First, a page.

Assembly(name="asmA")
  Field(name="fldX)
    Flag(name="flgS")
  Assembly(name="asmB")
    Flag(name="flgT")

Constraint evaluation would be handled depth-first as follows:

  • When document node asmA is processed, constraints defined on that node’s definition will be evaluated.
  • When document node fldX is processed, constraints defined on that node’s definition will be evaluated.
  • and so on…

Note: The target of the constraint does not affect this evaluation order, but may affect what resulting node the constraint applies to.

When a constraint is evaluated against the associated content node, this node is considered the constraints evaluation focus.

Processing Error Handling

Processing errors occur when a defect in the constraint definition causes an unintended error to occur during constraint processing. This differs from a validation error that results from not meeting the requirement of a constraint.

  • If a processing error occurs while processing a constraint, which can result from evaluating a Metapath expression, the error SHOULD be reported.
  • If a processing error occurs while processing a constraint, then the document instance being validated MUST NOT be considered valid. This is due to the inability to make a conclusion around validity, since some constraints were not validated due to errors.

Let expressions

Using the let element, a variable can be defined, which can be used in a Metapath expression in subsequent constraints.

A let statement has a REQUIRED @var attribute, which defines the variable name.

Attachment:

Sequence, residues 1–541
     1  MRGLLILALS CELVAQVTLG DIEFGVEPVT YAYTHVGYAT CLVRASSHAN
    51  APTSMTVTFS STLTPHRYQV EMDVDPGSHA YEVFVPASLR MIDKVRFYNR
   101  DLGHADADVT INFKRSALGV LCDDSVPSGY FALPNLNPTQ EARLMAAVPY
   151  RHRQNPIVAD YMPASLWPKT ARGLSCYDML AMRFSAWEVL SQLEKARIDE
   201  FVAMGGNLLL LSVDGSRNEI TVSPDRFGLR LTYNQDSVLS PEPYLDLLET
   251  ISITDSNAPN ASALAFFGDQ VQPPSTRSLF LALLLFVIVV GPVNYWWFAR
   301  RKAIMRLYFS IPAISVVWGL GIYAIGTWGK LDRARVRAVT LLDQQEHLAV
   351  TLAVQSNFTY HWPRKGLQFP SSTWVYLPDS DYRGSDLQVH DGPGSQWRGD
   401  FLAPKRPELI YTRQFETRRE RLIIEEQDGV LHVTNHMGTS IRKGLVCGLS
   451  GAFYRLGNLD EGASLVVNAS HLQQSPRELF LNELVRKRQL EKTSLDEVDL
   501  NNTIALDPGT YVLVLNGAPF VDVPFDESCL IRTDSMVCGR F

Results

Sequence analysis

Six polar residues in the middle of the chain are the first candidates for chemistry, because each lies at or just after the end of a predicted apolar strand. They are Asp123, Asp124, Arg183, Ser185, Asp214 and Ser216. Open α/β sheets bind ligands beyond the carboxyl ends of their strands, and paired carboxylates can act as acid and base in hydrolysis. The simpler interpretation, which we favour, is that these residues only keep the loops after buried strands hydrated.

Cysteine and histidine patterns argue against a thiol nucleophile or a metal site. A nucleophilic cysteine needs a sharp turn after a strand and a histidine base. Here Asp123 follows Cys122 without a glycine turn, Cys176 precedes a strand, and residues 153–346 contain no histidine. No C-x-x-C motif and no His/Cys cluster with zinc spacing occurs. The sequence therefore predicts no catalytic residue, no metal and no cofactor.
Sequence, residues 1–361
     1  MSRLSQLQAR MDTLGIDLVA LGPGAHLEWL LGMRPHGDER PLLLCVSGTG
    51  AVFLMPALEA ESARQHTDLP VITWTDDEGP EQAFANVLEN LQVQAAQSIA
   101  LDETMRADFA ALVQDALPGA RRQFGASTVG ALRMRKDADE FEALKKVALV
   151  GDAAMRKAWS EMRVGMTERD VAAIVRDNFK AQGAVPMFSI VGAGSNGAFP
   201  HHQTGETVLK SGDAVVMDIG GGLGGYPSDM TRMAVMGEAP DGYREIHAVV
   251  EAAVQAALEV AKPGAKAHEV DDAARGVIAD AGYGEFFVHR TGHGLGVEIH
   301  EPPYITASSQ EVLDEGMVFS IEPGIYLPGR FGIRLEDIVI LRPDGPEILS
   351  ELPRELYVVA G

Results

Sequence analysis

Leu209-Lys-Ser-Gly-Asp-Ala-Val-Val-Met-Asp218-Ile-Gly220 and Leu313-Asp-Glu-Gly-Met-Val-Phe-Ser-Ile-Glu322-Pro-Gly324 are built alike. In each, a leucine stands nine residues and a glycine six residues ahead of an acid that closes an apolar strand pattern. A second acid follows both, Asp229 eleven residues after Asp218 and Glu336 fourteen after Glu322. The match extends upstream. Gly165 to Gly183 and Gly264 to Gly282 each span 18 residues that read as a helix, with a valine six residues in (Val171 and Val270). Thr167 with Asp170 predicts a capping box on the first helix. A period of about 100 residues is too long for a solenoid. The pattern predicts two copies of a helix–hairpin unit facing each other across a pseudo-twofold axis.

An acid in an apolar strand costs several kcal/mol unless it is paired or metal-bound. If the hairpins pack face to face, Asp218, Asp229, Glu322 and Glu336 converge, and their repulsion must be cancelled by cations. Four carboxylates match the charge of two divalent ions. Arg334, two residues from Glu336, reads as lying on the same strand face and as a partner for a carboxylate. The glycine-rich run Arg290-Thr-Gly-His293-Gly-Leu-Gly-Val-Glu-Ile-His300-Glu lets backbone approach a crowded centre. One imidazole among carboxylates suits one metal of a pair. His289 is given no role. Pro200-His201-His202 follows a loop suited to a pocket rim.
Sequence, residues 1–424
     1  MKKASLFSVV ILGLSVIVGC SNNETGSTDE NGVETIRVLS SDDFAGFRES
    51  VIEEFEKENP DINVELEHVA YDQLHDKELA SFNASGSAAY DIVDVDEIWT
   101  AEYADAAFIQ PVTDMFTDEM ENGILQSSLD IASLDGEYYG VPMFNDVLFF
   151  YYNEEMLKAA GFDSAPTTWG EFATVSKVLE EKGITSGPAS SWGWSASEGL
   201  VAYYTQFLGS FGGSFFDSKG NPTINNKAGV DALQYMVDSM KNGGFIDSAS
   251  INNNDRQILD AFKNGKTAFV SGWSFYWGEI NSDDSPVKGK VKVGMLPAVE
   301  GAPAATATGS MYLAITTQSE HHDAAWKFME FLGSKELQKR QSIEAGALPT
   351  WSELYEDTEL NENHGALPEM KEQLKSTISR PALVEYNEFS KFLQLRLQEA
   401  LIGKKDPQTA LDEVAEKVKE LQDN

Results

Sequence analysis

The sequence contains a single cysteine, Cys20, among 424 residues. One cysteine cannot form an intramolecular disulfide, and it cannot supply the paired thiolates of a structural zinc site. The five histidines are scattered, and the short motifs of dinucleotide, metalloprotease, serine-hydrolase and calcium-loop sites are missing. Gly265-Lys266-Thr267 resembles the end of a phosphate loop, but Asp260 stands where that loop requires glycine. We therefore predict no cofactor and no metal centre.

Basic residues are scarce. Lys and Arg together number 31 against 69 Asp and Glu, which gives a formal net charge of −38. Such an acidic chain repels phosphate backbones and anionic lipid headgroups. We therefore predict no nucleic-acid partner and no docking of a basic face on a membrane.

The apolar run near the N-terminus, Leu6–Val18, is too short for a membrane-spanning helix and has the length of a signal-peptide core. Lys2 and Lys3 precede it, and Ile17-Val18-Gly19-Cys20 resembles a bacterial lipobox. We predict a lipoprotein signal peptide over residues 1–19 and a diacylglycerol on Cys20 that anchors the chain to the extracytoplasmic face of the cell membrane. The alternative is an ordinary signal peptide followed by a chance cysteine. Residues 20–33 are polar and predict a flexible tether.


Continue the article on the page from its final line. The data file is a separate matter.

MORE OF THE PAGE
A let statement has a REQUIRED @expression attributes, which defines an Metapath expression, whose result is used to define the variable’s value in the evaluation context.

During constraint evaluation, each let statement MUST be evaluated in encounter order. If a previous variable is bound with the same name in the evaluation context, the new value MUST bound in a sub-context to avoid side effects. This sub-context MUST be made available to any constraints following the let statement declaration, and to any constraints defined on child nodes of the current context.

During evaluation, when a variable is bound for a let statement, the variables value MUST be set to the result of evaluating the @expression using the current node as the Metapath evaluation focus.

For example:

Given the following fragment of a Metaschema module.

<define-assembly name="sibling">
  <define-flag name="name" required="yes"/>
  <constraint>
    <let var="parent" expression=".."/><!-- stores the parent of the current node -->
    <let var="sibling-count" expression="count($parent/sibling)"/>
    <expect target="." test="$sibling-count = 3"/>
  </constraint>
</define-assembly>

And the following document.

<parent name="p1">
  <sibling name="a"/>
  <sibling name="b"/>
  <sibling name="c"/>
</parent>
<parent name="p2">
  <sibling name="x"/>
  <sibling name="Y"/>
</parent1>

The expect constraint would pass for each sibling in the parent named “p1”, and would fail for each sibling in the parent named “p2”.

expect constraints

The <expect> constraint is a type of Metaschema constraint that restricts field or flag value(s) based on the evaluation of a @test Metapath expression.

The @target attribute of an <expect> constraint specifies the node(s) in a document instance whose value is restricted by the constraint.